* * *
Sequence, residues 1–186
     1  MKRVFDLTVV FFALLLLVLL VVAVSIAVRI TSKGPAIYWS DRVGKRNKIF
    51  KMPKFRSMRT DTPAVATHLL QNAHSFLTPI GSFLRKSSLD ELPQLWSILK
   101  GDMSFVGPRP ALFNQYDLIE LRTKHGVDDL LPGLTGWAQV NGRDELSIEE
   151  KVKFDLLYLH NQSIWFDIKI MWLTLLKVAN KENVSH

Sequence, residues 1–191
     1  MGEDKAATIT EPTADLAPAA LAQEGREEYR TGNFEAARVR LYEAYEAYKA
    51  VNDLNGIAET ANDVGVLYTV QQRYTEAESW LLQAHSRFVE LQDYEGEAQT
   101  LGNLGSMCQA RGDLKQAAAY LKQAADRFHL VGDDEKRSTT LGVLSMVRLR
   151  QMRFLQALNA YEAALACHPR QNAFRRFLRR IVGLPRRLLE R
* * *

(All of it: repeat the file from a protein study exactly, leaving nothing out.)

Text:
Sequence, residues 1–186
     1  MKRVFDLTVV FFALLLLVLL VVAVSIAVRI TSKGPAIYWS DRVGKRNKIF
    51  KMPKFRSMRT DTPAVATHLL QNAHSFLTPI GSFLRKSSLD ELPQLWSILK
   101  GDMSFVGPRP ALFNQYDLIE LRTKHGVDDL LPGLTGWAQV NGRDELSIEE
   151  KVKFDLLYLH NQSIWFDIKI MWLTLLKVAN KENVSH

Sequence, residues 1–191
     1  MGEDKAATIT EPTADLAPAA LAQEGREEYR TGNFEAARVR LYEAYEAYKA
    51  VNDLNGIAET ANDVGVLYTV QQRYTEAESW LLQAHSRFVE LQDYEGEAQT
   101  LGNLGSMCQA RGDLKQAAAY LKQAADRFHL VGDDEKRSTT LGVLSMVRLR
   151  QMRFLQALNA YEAALACHPR QNAFRRFLRR IVGLPRRLLE R